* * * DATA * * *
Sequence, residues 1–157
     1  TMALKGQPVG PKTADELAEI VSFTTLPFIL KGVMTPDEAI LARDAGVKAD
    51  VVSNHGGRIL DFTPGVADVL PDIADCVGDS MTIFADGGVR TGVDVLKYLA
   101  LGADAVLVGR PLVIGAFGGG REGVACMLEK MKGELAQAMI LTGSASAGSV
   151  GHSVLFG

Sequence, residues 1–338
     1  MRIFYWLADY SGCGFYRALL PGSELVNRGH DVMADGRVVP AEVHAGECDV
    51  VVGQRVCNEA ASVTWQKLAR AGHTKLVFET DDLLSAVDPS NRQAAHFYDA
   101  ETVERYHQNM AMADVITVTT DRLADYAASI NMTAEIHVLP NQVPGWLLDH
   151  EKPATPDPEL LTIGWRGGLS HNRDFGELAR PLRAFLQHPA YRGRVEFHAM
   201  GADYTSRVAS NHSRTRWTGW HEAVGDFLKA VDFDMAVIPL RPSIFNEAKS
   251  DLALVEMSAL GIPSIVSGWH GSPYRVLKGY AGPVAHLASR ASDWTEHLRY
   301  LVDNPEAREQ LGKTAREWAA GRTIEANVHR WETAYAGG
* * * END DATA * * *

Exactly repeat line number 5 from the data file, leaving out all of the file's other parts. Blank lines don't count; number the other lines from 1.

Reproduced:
   151  GHSVLFG